s
s
Sections
Sections
Subscribe
You've read 3 of 10 free articles this month.
Get unlimited access to Petaluma360.com, the Argus-Courier e-edition and our mobile app starting at just 99 cents per month!
Already a subscriber?
You've read 6 of 10 free articles this month.
Get unlimited access to Petaluma360.com, the Argus-Courier e-edition and our mobile app starting at just 99 cents per month!
Already a subscriber?
We hope you've enjoyed reading your 10 free articles this month.
Continue reading with unlimited access to Petaluma360.com, the Argus-Courier e-edition and our mobile app starting at just 99 cents per month!
Already a subscriber?
We've got a special deal for readers like you!
Get unlimited access to Petaluma360.com, the Argus-Courier e-edition and our mobile app starting at just 99 cents per month, and support community journalism!
Already a subscriber?
Thanks for your interest in award-winning community journalism! To get more of it, why not subscribe?
Get unlimited access to Petaluma360.com, the Argus-Courier e-edition and our mobile app starting at just 99 cents per month, and support community journalism!
Already a subscriber?
Want to keep reading? Take the next step by subscribing today!
Starting at just 99 cents per month, you can keep reading Petaluma360.com, the Argus-Courier e-edition and our mobile app, and support local journalism!
Already a subscriber?

Water Street art project approved

X

The "Follow This Story" feature will notify you when any articles related to this story are posted.

When you follow a story, the next time a related article is published — it could be days, weeks or months — you'll receive an email informing you of the update.

If you no longer want to follow a story, click the "Unfollow" link on that story. There's also an "Unfollow" link in every email notification we send you.

This tool is available only to subscribers; please make sure you're logged in if you want to follow a story.

Login

X

Please note: This feature is available only to subscribers; make sure you're logged in if you want to follow a story.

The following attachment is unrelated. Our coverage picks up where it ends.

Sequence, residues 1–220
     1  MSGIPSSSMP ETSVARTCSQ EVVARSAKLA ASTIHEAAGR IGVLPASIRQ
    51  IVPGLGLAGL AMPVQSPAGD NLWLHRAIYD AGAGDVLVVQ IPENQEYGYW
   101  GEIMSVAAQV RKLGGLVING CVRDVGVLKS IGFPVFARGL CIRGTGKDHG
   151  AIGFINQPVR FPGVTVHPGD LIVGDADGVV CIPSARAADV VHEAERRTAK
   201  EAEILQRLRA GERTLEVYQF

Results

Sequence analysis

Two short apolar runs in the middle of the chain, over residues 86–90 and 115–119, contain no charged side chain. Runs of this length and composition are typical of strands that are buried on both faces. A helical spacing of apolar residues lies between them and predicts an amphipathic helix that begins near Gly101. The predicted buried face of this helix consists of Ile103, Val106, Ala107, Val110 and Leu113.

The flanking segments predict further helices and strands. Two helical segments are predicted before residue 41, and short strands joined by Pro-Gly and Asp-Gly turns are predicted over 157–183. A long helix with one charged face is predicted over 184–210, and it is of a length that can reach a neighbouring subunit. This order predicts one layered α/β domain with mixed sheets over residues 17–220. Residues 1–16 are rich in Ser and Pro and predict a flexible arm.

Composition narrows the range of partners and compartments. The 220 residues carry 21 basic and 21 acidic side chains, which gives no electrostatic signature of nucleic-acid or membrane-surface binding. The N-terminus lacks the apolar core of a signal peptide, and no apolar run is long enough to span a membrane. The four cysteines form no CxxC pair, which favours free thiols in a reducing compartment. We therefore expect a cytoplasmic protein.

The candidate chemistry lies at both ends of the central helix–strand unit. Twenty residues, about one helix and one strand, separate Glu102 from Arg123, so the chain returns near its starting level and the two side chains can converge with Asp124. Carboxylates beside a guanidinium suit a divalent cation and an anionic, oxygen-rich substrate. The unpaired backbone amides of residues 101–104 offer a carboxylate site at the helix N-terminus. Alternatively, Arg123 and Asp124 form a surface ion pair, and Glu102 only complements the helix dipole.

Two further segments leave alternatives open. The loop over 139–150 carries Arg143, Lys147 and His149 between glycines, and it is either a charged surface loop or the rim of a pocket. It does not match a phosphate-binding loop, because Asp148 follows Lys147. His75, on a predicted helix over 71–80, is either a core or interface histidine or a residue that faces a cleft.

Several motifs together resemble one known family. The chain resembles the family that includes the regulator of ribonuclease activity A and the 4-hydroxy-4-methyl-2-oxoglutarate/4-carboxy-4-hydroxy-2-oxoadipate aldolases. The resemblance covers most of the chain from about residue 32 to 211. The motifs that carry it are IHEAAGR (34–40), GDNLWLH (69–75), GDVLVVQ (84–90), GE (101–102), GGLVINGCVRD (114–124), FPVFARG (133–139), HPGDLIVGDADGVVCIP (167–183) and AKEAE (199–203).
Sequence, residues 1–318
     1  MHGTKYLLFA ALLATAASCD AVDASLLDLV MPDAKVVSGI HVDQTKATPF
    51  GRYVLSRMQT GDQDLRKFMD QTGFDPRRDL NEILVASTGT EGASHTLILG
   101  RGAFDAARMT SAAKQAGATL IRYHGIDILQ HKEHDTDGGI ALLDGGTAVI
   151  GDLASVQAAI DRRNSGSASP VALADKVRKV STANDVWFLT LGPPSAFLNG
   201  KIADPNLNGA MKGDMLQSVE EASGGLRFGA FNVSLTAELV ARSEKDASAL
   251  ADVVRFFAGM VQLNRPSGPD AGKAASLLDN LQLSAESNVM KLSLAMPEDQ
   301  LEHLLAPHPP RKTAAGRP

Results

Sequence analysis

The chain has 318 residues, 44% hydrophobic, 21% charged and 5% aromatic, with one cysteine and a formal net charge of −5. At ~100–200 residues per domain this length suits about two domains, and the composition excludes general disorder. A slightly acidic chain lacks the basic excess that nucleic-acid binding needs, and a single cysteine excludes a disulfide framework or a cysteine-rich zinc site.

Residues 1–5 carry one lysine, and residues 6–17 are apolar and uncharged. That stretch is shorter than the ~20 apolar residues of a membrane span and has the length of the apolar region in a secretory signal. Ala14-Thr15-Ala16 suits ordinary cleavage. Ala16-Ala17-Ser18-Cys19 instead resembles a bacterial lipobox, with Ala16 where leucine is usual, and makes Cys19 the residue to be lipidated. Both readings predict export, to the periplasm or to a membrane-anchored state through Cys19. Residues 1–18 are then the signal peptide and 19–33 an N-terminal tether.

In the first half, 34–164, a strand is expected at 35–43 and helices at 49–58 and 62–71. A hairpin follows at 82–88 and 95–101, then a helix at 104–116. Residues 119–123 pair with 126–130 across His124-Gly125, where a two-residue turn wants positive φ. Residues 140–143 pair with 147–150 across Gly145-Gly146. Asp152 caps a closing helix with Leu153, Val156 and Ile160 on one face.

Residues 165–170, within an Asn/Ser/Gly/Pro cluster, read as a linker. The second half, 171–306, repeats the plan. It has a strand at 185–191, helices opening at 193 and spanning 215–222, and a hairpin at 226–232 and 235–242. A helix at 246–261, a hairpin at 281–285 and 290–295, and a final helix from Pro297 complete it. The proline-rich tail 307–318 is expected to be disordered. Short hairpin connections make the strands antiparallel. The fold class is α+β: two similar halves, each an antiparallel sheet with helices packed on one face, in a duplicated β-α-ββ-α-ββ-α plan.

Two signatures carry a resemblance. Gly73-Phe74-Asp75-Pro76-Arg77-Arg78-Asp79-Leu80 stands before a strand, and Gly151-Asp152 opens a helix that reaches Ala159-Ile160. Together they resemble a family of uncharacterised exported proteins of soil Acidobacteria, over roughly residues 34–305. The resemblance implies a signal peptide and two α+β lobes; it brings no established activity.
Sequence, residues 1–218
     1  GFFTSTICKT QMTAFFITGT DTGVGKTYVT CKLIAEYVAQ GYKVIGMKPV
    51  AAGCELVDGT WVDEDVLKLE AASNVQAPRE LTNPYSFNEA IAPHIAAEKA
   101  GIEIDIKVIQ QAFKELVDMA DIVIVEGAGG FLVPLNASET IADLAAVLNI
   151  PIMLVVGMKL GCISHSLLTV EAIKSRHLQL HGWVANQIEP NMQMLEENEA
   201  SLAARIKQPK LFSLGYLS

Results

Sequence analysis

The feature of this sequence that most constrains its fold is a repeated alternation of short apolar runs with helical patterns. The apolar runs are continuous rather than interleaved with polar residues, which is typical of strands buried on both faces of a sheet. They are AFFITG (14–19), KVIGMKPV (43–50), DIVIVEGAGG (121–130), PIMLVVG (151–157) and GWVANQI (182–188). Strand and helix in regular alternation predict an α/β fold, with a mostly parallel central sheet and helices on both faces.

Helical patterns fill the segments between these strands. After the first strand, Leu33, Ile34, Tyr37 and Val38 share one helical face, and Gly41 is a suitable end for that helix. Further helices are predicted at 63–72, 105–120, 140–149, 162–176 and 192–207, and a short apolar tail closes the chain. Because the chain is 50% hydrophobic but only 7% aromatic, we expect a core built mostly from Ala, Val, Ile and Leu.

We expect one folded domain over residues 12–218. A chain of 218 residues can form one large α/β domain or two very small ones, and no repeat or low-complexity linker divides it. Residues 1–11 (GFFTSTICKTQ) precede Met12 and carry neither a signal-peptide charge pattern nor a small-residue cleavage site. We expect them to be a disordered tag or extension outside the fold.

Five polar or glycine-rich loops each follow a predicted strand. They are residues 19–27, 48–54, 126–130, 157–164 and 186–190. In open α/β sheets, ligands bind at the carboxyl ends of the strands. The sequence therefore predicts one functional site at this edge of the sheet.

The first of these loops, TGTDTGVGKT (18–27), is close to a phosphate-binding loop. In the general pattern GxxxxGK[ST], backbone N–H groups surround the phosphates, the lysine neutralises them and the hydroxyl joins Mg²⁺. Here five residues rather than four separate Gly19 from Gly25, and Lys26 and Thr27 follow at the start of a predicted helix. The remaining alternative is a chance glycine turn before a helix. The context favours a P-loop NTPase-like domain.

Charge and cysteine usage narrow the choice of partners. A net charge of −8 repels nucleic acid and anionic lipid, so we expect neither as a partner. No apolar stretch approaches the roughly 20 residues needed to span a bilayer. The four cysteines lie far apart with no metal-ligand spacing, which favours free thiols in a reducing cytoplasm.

LoginSubscribe

The Petaluma Public Art Committee began to extinguish the fiery debate over the controversial Water Street public art project with a 6-1 vote at City Hall last Thursday, allowing renowned artist Brian Goggin to begin forming the final concept before city council approval later this year.

The May 24 meeting was the first time the art committee was able to publicly weigh in on his proposal, “Fine Balance,” featuring five Victorian-era bath tubs perched above the promenade on 17-feet-high iron stilts.

Despite the contentious discussion in community meetings and on social media, most of the seven appointed committee members were overwhelmingly in favor of the proposal.

“I don’t get contemporary art — I’m very much a traditionalist in this way — but I love the whimsy and the silliness of it because it doesn’t have to make sense or be logical to me,” said committee member Margaret Geiss-Mooney. “I love that it’s something that we see multiple times a day in a completely unexpected situation and location. You’re going to do a double take.”

The lone dissenting vote came from vice chair Christopher Smith. He gave significant consideration to the public’s critical response to the proposal that began pouring in once the renderings were shared on the website Nextdoor last month.

Smith said he failed to see a connection between the piece and the project site that would garner appreciation, and suggested different locations he felt were better suited for it rather than one of the most visible spots in Petaluma.

However, he championed Goggin as the right artist for this project, and expressed gratitude for the lengths he went to research Petaluma and its history.